Rhode Island’s tax-credit scholarship program, enacted in 2006 and launched in 2007, offers a 75 percent tax credit to businesses that donate to Scholarship Granting Organizations (SGOs). SGOs are nonprofits that offer private school scholarships of varying amounts to students from low-income households. Learn more about this tax-credit scholarship program’s funding, eligibility, regulations, and governing statutes on this page.
503 students participating (2015)
38 percent of families with children income-eligible statewide
Five scholarship organizations awarding scholarships (2014)
41 schools participating (2015)
Average scholarship value: $3,024 (2015)
Value as a percentage of public school per-student spending: 28 percent
Rhode Island offers tax credits to businesses supporting Scholarship Granting Organizations (SGOs), nonprofits that provide private school scholarships.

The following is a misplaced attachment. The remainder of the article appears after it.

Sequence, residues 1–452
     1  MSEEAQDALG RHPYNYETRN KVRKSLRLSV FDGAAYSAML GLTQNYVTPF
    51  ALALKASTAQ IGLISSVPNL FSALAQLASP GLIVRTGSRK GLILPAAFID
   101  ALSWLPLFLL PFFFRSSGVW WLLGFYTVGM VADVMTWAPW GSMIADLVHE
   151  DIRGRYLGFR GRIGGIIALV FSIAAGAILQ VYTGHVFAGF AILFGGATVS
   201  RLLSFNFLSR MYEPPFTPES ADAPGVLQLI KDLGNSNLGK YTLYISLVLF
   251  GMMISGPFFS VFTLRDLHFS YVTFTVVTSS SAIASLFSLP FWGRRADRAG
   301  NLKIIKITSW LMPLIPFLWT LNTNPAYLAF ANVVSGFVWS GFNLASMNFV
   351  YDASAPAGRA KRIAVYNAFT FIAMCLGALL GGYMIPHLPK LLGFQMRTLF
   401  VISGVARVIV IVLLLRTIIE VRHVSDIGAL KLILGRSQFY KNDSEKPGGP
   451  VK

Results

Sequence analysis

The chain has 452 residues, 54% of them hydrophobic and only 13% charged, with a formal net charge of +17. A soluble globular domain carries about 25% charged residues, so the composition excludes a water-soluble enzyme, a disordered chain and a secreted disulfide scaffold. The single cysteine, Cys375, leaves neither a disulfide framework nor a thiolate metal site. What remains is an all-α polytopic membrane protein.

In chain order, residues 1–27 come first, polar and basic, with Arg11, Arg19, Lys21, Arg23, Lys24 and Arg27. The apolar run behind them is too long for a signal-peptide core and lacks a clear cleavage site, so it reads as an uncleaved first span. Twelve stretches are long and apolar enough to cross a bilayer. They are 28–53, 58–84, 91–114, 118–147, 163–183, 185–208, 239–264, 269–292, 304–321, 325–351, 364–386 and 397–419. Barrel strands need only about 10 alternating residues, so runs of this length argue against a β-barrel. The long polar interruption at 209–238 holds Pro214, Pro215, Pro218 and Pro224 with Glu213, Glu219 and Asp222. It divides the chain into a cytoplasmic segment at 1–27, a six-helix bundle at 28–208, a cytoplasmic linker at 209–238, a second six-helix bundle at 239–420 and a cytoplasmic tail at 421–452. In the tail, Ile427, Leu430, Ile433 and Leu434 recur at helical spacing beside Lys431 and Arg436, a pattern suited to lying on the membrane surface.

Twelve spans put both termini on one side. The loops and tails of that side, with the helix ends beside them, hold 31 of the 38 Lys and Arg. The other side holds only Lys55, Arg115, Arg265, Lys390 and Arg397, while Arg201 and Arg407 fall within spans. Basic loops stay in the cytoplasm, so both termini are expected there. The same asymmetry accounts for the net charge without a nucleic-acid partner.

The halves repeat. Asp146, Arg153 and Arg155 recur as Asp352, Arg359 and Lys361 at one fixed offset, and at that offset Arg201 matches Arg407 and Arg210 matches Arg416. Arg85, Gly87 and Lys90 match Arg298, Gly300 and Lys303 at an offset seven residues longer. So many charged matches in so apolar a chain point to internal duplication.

Scholarship amounts are determined by SGOs.
Tax credits are worth 75 percent of the contribution, or 90 percent if donated for two consecutive years and the second year’s donation is worth at least 80 percent of the first year’s donation. The total amount of tax credits is capped at $1.5 million. Each corporate donor can receive only $100,000 in tax credits each year, and cannot use surplus donations in one year to generate tax credits in future years.
Students must have family incomes at or below 250 percent of the poverty level ($60,625 for a family of four in 2015–16).
Rhode Island’s $1.5 million cap for available funding is extremely low when compared with demand. Only about one-third of potential donors have been able to participate in any given year. SGOs have the ability to determine their own student funding amounts, which is a plus; however, the overall cap on tax credits severely limits the potential and overall scope of those scholarships. The 75 percent deduction if donating for one year or 90 percent if donating for two years offers an attractive opportunity for corporations to continue supporting the program. And private school regulation is kept to a minimum: Schools must comply with health, safety, and nondiscrimination laws, employ teachers with bachelor’s degrees, and conduct teacher background checks. The program could serve more children if the overall cap were increased or an escalator clause, similar to Florida’s, were added to allow the program to grow to match demand.
No legal challenges have been filed against the program.